The following post was written by Anna in response to the Day 7 Challenge Action: Have a conversation with someone about what you love about your culture.
As she shares what she loves about her culture, she also elaborates on her thoughts about America and its future that developed through her experiences:
As Americans we should recognize the cultural diversity in our community. Our nation is unique in that it has ethnicities from all over the world. As a responsible citizen, I believe that we should all work toward understanding the cultures apart from our own to gain a greater understanding of, not just our country, but our world.
I am someone who takes great pride in her Japanese heritage and is always ecstatic to promote multicultural understanding on any given day, so I chose to take up the Day 7 challenge of discussing what I love about my culture. As a simple list of the favorite parts of my culture, I love the food, traditional kimonos, traditional instruments and music, folklore, and modern culture as well. However, this enthusiasm I had for my culture did not always exist. It is through traditional food that I was able to develop this pride in my Japanese ethnicity. Because of this fondness I have for food, I chose to focus on this aspect of my culture.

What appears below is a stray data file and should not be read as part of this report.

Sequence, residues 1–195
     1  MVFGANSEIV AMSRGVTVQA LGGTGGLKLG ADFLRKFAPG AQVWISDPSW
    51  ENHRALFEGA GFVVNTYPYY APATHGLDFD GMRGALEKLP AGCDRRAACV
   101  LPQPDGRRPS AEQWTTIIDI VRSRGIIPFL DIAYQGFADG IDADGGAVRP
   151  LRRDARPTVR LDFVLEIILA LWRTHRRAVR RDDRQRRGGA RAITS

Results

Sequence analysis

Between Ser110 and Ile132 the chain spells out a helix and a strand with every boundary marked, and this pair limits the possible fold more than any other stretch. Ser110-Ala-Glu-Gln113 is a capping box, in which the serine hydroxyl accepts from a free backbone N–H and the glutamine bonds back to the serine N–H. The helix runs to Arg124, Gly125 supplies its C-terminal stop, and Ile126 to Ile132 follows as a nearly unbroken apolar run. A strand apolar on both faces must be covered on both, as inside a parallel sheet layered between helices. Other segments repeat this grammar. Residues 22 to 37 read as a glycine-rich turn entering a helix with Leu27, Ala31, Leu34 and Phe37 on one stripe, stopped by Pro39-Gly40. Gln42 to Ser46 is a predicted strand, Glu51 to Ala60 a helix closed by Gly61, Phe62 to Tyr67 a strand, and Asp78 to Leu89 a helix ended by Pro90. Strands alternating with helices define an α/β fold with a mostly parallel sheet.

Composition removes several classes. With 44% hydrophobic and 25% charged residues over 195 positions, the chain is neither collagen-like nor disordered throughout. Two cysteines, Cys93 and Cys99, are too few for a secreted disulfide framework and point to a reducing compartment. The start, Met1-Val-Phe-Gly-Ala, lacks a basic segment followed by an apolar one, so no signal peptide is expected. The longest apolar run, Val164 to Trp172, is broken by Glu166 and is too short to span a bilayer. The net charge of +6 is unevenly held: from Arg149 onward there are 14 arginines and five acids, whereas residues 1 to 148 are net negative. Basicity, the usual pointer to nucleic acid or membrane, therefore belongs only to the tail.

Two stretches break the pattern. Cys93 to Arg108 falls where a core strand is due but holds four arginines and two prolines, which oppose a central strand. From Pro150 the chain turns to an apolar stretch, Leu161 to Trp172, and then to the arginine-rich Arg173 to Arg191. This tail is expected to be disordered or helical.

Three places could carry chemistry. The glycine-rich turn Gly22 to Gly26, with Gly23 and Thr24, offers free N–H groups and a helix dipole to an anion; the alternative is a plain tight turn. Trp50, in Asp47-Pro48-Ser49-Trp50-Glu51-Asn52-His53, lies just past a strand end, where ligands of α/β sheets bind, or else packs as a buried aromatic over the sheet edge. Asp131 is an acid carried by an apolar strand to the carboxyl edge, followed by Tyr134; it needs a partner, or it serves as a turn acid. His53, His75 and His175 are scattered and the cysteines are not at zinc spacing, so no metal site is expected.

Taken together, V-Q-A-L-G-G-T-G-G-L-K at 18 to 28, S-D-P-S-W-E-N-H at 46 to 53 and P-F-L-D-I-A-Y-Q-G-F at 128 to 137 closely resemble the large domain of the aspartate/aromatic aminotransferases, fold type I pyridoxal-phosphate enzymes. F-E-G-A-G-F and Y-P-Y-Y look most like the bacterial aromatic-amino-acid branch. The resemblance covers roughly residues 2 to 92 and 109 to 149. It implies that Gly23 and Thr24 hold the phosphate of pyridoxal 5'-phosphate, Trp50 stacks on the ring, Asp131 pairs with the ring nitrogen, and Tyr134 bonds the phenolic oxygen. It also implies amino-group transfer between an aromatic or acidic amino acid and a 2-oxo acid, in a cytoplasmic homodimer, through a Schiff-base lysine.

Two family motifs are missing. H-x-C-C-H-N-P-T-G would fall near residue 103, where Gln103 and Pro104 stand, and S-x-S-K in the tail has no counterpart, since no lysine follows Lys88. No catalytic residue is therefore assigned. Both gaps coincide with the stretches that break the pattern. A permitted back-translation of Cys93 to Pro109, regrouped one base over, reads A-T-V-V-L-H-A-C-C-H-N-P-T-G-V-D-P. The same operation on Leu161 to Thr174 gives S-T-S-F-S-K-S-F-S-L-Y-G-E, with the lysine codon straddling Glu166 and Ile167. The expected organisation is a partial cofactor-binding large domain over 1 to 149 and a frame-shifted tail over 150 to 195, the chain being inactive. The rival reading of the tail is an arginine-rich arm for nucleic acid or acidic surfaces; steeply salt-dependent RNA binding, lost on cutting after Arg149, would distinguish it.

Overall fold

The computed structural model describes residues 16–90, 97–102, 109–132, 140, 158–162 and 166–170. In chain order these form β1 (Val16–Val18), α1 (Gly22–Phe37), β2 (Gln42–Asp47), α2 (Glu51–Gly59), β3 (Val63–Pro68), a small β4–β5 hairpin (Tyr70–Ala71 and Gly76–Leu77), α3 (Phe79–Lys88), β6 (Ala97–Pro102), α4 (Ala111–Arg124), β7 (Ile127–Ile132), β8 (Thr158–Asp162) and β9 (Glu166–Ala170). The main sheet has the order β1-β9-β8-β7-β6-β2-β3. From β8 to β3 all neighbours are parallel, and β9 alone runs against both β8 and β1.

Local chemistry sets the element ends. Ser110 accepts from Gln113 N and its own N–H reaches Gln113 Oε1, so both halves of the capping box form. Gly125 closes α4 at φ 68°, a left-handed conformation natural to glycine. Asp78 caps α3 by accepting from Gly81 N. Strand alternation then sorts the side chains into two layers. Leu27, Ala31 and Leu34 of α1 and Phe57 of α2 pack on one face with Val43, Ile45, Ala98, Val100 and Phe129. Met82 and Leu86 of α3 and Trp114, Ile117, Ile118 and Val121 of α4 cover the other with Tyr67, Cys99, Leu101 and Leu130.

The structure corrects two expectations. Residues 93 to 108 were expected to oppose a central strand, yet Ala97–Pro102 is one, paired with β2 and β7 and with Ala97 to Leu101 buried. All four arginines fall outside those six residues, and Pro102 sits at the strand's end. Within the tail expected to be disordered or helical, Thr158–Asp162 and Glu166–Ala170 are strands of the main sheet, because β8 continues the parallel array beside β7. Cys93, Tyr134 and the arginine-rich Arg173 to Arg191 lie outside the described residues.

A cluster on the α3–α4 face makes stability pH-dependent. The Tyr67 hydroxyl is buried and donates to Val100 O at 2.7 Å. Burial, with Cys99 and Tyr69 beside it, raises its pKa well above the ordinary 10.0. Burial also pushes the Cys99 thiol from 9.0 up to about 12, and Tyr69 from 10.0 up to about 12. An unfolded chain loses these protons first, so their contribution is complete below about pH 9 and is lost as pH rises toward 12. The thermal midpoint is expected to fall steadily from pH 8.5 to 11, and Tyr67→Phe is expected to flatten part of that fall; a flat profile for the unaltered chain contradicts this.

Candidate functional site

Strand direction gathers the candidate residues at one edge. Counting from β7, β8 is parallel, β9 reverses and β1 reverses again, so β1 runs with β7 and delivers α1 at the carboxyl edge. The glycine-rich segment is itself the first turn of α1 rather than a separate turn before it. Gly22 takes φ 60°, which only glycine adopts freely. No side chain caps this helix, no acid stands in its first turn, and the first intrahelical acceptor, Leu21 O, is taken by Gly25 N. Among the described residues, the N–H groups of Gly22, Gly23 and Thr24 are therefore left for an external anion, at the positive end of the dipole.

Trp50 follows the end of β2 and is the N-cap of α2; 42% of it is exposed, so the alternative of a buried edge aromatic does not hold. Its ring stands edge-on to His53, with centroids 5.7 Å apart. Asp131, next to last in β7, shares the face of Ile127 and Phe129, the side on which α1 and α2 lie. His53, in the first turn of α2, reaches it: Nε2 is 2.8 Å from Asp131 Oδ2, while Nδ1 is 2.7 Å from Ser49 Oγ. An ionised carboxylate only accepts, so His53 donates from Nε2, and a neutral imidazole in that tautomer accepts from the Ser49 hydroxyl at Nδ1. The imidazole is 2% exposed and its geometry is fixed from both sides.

I remember back in my middle school days I used to feel so ashamed of my ethnicity because of my food, due to being picked on for what I ate. While other kids ate hamburgers and fries, I was eating fish and rice. My mother knew of how I felt like an outsider, but that did not stop her from feeding me traditional Japanese meals. When I read Amy Tan’s “Fish Cheeks” I deeply empathized. When Tan’s mother says that “inside you must always be Chinese. You must be proud you are different,” it felt like my mother’s actions were put into a verbal form. “Fish Cheeks” filled my heart with nostalgia. If only young Anna could know that the traditional food would become her most favorite part of the Japanese culture.
Reflecting back on my pre-middle school days, I remember my classmates and I all took interest in each others’ differences. Perhaps it was because I was in a more diverse environment, but I find that children tend to be more open to things foreign to them. How is it that such open-minded children can become so judgemental and critical of these differences? I believe it is because of the adults, the role models, that possibly carry these prejudices which taint these children’s minds. However, in my experience I saw that these children became more open-minded again in high school. I would like to think that we are a generation of children who realized what these adults were doing to us. As we grew in high school, we learned to develop our own thoughts and recognize how these prejudices were a negative aspect to our community. Looking at this pattern, I feel that we as Americans are moving toward the right direction. As we get older, we become the role models. If the role models are open to differences, then the children will be too. I am hopeful for the future as these children are the future. I believe we are paving the path for a better society, a society in which everyone can embrace who they are.